A Penny for Your Thoughts
In this section I provide an overview of the research and evaluation methods available, provide examples (as downloadable guides) and end with a brief look at the effectiveness and best use of the methods.
The choice of research methods depends on the goals of the research, the data you want to obtain and the development stage of the design. Essentially there are five groups of research type. Although much of the research around the user (discovery research) is conducted through interviews (also possibly diary studies, analytics and data mining), when it comes to design evaluation, there are several applicable approaches.
Users are invited to interact with a system, interactive or paper prototype, in the research lab, home/office or remotely. This includes some form of observation which is good for identifying issues and quantitative measures. This is the gold standard in user research and a method that most UX professionals use on a regular/daily basis.
Here UX and/or domain experts apply their judgement to a design and identify potential usability problems, contributing to the incremental improvement of a design. There’s no point in using this approach if you’re aim is to learn about the broader user experience. E.g. heuristic evaluation and cognitive walkthrough.
This is another expert evaluation method – there are no users involved. The expert makes detailed performance predictions based on models of the user and design rather than their own judgement. E.g. keystroke level model.
Direct enquiries posed to the user to discover preferences, attitudes and experiences. There is no point in this approach if your goals are to find out how long it takes to complete a task. E.g. interviews, questionnaires and focus groups.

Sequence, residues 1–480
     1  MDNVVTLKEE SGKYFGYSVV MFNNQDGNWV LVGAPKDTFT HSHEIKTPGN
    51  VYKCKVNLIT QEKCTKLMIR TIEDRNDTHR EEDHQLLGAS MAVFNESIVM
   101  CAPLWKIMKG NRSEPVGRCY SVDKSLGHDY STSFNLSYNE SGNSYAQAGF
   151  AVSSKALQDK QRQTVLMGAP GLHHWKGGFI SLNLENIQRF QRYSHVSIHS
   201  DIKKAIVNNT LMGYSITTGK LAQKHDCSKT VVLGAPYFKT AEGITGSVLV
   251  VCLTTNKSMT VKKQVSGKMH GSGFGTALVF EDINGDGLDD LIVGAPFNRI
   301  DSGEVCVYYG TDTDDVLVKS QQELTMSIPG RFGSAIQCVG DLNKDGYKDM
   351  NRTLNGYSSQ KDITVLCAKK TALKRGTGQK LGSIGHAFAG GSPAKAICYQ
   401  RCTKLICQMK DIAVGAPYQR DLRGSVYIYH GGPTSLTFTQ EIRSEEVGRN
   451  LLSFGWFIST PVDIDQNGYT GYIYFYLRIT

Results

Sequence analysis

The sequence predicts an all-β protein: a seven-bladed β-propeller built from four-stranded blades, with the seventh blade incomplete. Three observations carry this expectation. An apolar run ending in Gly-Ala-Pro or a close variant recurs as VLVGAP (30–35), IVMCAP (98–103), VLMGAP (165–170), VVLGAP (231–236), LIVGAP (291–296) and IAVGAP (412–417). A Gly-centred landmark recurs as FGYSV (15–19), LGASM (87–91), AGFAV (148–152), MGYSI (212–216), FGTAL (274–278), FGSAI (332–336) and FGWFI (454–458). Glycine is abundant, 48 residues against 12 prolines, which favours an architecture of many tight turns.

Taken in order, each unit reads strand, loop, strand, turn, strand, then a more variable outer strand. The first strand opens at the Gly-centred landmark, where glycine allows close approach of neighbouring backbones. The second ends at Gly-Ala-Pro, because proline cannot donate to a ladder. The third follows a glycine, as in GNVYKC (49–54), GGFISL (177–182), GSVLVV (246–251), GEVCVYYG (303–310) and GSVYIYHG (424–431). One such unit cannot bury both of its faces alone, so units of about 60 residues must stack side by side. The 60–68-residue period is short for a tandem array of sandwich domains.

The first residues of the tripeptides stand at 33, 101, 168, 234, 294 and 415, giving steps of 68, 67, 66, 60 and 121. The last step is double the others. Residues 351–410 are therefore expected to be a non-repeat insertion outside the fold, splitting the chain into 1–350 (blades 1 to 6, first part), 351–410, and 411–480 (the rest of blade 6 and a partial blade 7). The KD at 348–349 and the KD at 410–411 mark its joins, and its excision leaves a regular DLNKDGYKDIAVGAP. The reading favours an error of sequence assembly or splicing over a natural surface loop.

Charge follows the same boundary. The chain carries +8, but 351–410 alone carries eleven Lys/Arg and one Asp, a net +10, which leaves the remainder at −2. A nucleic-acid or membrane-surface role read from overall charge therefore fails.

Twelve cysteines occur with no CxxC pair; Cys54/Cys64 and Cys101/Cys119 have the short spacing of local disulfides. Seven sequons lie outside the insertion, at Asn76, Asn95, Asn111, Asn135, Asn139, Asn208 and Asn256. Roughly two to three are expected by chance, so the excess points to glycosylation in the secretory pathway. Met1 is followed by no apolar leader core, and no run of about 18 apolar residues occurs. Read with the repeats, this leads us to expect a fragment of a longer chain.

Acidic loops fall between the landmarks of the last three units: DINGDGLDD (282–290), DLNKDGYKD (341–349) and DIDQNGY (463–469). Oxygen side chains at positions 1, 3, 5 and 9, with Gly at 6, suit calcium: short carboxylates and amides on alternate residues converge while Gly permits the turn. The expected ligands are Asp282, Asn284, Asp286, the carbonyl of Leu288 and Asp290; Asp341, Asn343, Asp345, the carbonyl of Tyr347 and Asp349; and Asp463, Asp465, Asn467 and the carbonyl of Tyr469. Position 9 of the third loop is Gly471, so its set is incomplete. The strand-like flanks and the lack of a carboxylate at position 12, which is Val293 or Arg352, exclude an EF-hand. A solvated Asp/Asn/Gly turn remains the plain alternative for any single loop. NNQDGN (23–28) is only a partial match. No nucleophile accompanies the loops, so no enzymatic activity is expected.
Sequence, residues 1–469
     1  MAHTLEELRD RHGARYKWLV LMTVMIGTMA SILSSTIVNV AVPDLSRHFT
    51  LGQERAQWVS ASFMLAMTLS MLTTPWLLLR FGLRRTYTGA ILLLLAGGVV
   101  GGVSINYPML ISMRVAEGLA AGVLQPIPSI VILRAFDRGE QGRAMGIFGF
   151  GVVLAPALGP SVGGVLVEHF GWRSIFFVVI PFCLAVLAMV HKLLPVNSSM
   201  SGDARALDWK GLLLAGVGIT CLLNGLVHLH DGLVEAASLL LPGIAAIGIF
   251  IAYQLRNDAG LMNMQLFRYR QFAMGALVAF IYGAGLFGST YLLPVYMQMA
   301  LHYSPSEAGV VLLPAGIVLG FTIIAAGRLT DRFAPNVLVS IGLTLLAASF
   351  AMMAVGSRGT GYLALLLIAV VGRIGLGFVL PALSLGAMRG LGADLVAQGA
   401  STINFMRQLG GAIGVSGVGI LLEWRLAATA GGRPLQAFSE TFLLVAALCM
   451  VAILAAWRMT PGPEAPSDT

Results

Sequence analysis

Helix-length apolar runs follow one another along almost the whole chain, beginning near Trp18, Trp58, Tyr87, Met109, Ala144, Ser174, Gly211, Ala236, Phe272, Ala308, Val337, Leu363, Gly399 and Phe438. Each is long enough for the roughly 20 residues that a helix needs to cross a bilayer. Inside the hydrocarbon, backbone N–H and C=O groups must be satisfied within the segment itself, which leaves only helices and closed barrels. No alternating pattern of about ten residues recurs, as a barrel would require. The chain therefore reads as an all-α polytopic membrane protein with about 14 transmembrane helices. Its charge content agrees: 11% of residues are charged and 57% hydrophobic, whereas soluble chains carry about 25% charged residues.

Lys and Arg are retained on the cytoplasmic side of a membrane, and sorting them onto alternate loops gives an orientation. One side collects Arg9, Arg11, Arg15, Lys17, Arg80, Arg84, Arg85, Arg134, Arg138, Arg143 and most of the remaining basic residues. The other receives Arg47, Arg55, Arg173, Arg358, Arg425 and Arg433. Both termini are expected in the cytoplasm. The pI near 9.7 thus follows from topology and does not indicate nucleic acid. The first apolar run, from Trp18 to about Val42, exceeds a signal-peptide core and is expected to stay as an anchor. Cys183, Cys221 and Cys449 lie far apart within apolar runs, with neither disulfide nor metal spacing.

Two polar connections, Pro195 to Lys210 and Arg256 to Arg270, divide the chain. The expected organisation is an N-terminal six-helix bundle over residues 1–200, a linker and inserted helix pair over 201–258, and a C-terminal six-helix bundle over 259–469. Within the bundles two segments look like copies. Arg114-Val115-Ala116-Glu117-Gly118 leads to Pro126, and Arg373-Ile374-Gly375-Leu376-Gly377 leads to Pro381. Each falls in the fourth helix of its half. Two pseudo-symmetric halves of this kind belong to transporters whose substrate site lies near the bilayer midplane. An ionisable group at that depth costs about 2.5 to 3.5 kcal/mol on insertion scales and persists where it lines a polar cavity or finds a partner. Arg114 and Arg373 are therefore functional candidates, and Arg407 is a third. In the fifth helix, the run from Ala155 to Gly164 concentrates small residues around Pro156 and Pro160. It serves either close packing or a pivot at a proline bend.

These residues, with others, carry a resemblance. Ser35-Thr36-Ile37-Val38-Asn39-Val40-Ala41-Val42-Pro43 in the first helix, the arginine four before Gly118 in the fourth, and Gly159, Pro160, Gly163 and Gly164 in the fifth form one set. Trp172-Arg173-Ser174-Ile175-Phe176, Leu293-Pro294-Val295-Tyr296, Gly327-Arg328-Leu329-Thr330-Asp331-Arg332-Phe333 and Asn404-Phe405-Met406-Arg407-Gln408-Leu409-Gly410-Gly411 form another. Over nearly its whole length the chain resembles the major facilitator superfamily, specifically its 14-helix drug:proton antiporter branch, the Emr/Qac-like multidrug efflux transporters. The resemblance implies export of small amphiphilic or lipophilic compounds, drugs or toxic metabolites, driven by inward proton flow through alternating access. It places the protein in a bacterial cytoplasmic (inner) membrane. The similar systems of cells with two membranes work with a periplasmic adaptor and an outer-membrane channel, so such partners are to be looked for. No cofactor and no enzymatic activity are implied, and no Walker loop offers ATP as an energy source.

These are focused, controlled experiments to investigate specific hypothesis. They are not suitable for evaluating a complete design and when used are usually combined with another method at different stages in the design process. E.g. hypothesis testing.
When considering a method, you should always consider the following:
- Purpose – Why are you doing the evaluation? Is it to test a new design? Is it to improve an existing product? Benchmarking the current product for comparison with a new product?
- Data – what information are you trying to obtain? Is it usability problems (qualitative) and/or metrics (quantitative)? Are you seeking opinion on the design?
- Users or Experts – what are you testing, which phase are you in the design process, is there any commercial sensitivity around your design? Do you need the general public or users well versed in the domain. Do you have to look at specific age groups, gender, computer competency, physical ability etc?
- Stage of the Design – Are you testing concepts, a prototype or a final product?
- Location – Where would you conduct the research? In a usability lab or at the user’s place of work or home, or remotely via a web conference?
- Novelty of the System – something that is a first will probably require more research and therefore time as there is a good chance of more design iterations.
- Criticality – what is it you are testing? The extent of the research is likely to vary if you are testing a control panel for hospital use versus a museum information kiosk.
- Resources – how much time do you have? What’s your budget and do you have the equipment or intend to hire it?
You should plan your research ahead of scheduling any sessions. Be sure to have the plan driven by the purpose and data you wish to obtain through the research. Once established, then consider the other practical issues raised above.
Below are guides to some of the avaliable research and evaluation techniques.